Private Campgrounds Mount Rainier National Park

RV Rentals Near Mount Rainier National Park

Nearby RV Rentals

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Hit the Trails

Every year thousands of people from around the world come to Mount Rainier to climb the 14,410-foot peak of Mount Rainier. Climbing Mount Rainier requires a Climbing Cost Recovery Fee and a Climbing Permit. Mountain guides are highly recommended as the mountain can be dangerous. If climbing an active volcano is not your cup of tea, Mount Rainier National Park is home to hundreds of miles of excellent hiking trails that will get you close to the mountain for incredible views.

Mount Rainier National Park Trails

Carbon Glacier

Distance: 17 miles

Terrain: 1640 feet elevation gain over the course of 17 miles along the Carbon River to Carbon Glacier.


Distance: 93 miles

Terrain: Difficult 93-mile trail that encircles the base of Mount Rainier through forests, valleys, and high alpine areas with incredible views.


Distance: 5.5 miles

Terrain: Popular, moderate trails that circumnavigate the Paradise area of the park with incredible views.

Naches Peak Loop

Distance: 3.5 miles

Terrain: Family-friendly moderate loop trail with views of wildflower meadows, Tipsoo Lake, and Dewey Lake.

Burroughs Mountain

Distance: 4.7 miles

Terrain: Located on the northeast side of the park, the moderate trail offers a more barren terrain.

Glacier Basin

Distance: 7 miles

Terrain: Moderate trail with 1,280 feet elevation gain with spectacular views of Emmons Glacier, which is the largest glacier in the continental U.S.

Silver Falls

Distance: 3 miles

Terrain: Family-friendly, relatively flat hike along the Ohanapecosh River through the old growth forests.

Spray Park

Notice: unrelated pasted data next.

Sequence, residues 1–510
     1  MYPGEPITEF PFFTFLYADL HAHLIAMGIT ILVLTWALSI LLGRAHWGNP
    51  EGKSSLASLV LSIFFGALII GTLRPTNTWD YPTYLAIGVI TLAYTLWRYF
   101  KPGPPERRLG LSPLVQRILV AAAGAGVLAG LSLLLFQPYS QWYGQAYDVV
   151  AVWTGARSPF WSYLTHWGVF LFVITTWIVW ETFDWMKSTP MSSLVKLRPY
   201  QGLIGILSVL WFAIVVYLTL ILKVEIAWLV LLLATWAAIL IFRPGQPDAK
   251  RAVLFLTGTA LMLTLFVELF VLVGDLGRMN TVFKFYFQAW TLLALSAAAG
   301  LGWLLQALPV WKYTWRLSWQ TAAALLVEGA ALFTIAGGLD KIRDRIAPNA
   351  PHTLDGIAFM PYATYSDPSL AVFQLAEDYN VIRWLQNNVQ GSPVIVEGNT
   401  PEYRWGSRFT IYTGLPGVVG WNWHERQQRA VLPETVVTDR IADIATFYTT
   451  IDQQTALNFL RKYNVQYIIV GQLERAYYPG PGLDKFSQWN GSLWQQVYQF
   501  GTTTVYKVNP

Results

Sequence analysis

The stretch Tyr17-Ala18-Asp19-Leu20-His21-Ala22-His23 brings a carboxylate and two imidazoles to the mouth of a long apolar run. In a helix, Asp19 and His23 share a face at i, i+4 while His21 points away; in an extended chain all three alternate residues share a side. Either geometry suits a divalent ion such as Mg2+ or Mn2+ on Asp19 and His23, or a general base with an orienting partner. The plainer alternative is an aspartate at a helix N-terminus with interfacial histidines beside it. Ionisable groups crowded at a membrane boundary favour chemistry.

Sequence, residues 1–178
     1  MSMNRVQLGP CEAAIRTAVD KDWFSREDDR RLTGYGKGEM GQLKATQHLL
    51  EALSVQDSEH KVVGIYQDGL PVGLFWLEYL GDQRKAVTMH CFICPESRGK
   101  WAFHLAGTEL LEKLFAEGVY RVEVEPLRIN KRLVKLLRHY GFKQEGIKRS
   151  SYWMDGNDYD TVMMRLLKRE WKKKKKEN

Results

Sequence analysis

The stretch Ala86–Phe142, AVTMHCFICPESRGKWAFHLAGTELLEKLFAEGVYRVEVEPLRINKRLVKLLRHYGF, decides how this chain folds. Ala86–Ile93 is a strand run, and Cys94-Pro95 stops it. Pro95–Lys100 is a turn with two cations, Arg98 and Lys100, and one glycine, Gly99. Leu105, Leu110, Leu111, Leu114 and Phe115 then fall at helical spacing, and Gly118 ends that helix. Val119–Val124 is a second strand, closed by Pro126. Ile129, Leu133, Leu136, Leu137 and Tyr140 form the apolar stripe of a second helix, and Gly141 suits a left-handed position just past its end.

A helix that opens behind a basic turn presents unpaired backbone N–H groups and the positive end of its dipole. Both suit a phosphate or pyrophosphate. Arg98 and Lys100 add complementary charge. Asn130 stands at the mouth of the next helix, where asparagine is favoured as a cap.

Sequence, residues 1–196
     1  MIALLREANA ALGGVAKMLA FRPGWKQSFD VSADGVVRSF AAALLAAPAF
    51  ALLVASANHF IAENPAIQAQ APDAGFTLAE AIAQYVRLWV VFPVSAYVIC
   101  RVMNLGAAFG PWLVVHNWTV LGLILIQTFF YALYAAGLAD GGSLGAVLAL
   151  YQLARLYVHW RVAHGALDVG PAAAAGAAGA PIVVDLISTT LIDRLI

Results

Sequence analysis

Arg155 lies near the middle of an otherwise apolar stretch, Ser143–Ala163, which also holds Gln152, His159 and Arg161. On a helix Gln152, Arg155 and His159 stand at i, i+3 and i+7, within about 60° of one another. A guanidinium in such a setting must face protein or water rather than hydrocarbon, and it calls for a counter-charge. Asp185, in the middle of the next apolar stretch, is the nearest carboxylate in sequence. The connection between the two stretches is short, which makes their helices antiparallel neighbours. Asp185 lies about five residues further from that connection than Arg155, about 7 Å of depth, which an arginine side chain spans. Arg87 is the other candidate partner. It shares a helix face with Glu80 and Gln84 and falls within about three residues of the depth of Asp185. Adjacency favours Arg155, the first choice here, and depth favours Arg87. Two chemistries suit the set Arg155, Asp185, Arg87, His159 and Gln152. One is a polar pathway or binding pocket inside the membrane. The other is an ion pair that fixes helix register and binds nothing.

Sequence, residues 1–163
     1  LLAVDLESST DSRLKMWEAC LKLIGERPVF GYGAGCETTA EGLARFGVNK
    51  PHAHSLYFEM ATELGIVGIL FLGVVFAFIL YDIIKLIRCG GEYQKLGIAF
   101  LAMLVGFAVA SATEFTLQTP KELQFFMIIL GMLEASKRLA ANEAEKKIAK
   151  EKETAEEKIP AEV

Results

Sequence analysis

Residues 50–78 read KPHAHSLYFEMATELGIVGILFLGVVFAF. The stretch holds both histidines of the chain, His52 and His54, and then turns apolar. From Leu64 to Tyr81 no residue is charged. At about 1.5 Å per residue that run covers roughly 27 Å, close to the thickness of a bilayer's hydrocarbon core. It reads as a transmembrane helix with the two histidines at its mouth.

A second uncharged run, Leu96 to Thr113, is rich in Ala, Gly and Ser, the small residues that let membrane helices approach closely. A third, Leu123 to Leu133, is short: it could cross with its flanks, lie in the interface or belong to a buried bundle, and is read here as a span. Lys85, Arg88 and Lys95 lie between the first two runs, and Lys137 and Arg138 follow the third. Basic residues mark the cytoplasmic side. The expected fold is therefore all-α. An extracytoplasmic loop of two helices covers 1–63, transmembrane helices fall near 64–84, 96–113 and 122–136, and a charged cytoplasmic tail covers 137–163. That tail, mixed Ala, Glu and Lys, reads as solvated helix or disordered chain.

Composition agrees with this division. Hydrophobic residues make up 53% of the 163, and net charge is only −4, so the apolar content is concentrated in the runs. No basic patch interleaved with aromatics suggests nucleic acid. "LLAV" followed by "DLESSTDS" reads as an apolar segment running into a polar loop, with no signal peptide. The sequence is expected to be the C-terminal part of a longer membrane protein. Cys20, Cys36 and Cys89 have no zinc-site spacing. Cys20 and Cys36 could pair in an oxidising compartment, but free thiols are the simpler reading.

Distance: 6 miles

Terrain: Difficult trail with lots of ups and downs through the woods and meadows before coming to Eagle’s Cliff for great views of Mount Rainier and Mowich Glacier.


What to Do at
Mount Rainier National Park

While Mount Rainier might be the star of the park, there is lots to do in and around Mount Rainier National Park. From hiking to wildlife spotting, to eating at one of the many delicious restaurants nearby, you’ll find plenty to keep you busy from sunup to sundown. If you’re heading to the mountain during the winter, stop by Crystal Mountain for a day on the slopes.


From gourmet restaurants at the base of Crystal Mountain Resort to small food trucks on Route 7, you’ll find several delicious restaurants to refuel your tired muscles before your next hike.

Wildberry Restaurant

Type: American-Himalayan Fusion

Location: East Ashford

BaseCamp Bar & Grill

Type: American

Location: East Ashford

Alpine Inn Restaurant

Type: European

Location: Enumclaw


Type: Burgers

Location: Enumclaw


Type: Burgers

Location: Elbe


Whether you forgot your gloves or just need to grab some quick snacks for those long hikes, there are plenty of shops just outside the park with everything you need.